Printing system 400 also may include a vision microscope 420 adapted to calibrate positions of print heads within printing assemblies 401A, 401B, 401C and 401D and one or more drop visualization devices (e.g., two devices 422, 423) adapted to determine drop trajectories of ink jetted from the print heads of printing assemblies 401A, 401B, 401C, 401D onto the substrate 412.

Example embodiments of a vision microscope 420 that may be used in the context of the present invention are described in previously incorporated U.S. patent application Ser. No. 11/019,930. The vision microscope 420 may be mounted on support 424 in a manner similar to the mounting of the printing assemblies 401A, 401B and 401C, 401D on respective printing assembly supports 408A, 408B. The vision microscope 420 may be used to determine an amount of skew of display objects (not shown) positioned on the substrate 412. The vision microscope 420 may also be employed to align the substrate 412 on the motion stage 410 using alignment marks on the substrate 412. Alignment of the substrate 412 with respect to the motion stage 410 may provide a fixed frame of reference to facilitate determination of precise locations of pixels and sub-pixels within a display object on the substrate 412, and/or to facilitate calculations of offsets for print head positioning. In one or more embodiments, the vision microscope 420 and/or further dedicated optical detectors may be adapted to view the print heads of printing assemblies 401A, 401B, 401C, 401D to facilitate determination as to whether the print heads may require cleaning and/or other maintenance.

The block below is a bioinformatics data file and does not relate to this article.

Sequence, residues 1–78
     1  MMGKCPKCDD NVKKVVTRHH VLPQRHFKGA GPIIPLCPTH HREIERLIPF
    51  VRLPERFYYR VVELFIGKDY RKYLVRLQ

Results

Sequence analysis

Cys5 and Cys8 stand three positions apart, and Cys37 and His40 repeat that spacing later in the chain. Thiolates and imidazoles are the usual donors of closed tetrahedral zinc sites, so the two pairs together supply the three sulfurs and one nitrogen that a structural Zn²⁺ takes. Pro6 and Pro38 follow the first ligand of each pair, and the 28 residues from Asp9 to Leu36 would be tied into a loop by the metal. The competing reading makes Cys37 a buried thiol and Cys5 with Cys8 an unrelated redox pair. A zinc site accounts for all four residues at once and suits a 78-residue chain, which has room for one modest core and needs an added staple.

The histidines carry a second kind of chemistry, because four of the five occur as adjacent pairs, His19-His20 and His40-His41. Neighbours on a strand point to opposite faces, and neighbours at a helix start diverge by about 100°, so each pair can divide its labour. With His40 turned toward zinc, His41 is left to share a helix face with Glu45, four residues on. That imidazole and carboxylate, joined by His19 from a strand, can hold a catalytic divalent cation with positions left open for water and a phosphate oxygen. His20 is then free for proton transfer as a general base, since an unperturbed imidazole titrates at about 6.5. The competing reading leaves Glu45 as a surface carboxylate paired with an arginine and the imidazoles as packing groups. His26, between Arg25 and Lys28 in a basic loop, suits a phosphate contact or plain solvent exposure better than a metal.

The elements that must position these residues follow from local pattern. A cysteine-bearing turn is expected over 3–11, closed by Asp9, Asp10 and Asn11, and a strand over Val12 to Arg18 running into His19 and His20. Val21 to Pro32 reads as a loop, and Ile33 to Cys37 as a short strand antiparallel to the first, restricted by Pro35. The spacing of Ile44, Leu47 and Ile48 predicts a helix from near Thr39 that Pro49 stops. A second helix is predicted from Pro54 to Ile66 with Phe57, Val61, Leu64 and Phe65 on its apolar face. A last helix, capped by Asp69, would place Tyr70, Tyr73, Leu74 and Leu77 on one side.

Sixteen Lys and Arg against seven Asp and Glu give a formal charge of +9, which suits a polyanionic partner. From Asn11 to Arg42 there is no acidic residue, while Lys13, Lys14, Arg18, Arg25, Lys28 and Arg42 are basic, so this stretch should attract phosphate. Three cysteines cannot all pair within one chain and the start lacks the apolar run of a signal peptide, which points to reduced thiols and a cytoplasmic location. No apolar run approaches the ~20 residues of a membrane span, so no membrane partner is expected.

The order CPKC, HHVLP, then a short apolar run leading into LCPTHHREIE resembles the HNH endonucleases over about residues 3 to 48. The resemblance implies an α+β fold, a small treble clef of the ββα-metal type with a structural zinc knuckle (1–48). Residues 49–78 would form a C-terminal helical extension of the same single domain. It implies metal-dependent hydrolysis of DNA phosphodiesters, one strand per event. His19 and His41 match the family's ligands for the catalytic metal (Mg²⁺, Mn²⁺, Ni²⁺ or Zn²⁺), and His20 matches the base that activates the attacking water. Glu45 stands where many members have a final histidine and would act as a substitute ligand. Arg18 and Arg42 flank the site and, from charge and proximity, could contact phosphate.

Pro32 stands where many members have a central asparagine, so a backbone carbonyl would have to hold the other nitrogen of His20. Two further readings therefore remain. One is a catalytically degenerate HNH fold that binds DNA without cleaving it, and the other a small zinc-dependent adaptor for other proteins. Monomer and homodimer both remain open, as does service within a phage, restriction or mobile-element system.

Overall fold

Examples of drop visualization systems 422, 423 which may be used are described in previously incorporated U.S. patent application Ser. No. 11/123,502. The drop trajectories captured by the drop visualization systems 422, 423 may be used to determine ink drop size and jetting speed.